And I would urge anyone with an abusive partner to get their butts out of that situation. Not all marriage is worth saving. It’s only a sacred bond if both parties respect each other and that bond. I got lucky. My guy is quirky (maddening! aggravating! there’s a cow horn in my dishwasher! we drove to a winery yesterday for a tasting and we left with an empty 55-gallon drum tied to the car roof!) but trustworthy (when I asked, he told me exactly what the 55-drum on the car roof and the two in the vehicle cost…at which point I upped my order to include the vintner’s private reserve and a few others, instead of the one token bottle of Chardonnay I’d planned on, indicating that the Man I Married should pull out his wallet to pay for it). However, I’m lucky I live in a society where divorce is an option when someone is miserable in a marriage.
I am largely content in my marriage, though there are sometimes minutes or hours or days when I’m miserable in it, such as that car ride home with the 55-gallon drum lashed to the car roof.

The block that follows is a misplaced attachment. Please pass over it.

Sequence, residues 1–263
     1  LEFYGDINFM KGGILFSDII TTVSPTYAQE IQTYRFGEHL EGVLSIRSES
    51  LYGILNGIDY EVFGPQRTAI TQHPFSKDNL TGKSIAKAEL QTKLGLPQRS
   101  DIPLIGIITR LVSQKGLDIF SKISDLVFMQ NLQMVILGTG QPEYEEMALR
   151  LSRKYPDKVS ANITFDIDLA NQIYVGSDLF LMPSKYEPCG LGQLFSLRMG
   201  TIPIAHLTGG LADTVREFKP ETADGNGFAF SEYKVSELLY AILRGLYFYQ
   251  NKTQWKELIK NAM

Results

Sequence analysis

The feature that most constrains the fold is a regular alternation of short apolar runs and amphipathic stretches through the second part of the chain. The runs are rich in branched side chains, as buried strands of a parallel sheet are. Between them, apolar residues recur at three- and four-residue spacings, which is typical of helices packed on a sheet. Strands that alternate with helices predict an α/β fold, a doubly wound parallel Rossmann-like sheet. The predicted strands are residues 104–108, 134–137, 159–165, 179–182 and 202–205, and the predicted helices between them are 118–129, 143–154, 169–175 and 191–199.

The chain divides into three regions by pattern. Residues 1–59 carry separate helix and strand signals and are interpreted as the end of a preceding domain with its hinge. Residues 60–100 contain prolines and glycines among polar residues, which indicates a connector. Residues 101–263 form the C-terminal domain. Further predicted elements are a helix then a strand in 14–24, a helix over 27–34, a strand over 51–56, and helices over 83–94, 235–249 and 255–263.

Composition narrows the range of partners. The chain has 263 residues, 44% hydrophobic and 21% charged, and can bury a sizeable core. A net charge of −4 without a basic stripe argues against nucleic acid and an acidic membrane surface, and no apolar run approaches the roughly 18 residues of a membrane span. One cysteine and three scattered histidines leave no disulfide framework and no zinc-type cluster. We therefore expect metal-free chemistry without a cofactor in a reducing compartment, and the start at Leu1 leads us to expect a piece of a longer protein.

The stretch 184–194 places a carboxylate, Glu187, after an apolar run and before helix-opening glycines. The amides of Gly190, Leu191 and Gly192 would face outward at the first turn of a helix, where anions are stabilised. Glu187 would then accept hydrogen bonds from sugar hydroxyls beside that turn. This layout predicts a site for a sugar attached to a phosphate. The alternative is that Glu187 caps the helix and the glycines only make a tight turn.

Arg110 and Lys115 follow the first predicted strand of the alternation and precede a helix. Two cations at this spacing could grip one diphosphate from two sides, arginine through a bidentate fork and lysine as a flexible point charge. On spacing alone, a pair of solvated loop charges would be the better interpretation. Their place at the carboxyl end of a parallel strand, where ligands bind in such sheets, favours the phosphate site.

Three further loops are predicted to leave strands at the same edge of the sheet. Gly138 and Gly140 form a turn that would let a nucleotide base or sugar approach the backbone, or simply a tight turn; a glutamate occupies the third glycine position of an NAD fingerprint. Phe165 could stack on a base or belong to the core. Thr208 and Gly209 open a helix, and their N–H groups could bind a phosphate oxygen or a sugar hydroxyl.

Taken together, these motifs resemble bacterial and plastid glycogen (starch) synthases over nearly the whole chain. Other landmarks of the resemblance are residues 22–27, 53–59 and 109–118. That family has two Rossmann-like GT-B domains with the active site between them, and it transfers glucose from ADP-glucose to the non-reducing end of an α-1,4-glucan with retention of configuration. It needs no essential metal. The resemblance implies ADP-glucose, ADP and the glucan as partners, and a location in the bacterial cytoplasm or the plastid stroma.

It wasn’t so much the cost I minded as the noise. Anything over 43 mph and we had a 55-gallon bagpipe droning an excruciating dirge, which I shall entitle Lament of the Cider Maker’s Wife. I’m not sure if the noise was caused by the friction of wind through the tie-down straps, or wind through the small opening in the drum to which MIM had cleverly affixed the strap hooks, or whether it was the unholy manifestation of the screaming in my brain. Around the block would be one thing, but we had 66.12 miles to travel—us, the mobile embodiment of a soccer stadium swarming with vuvuzelas.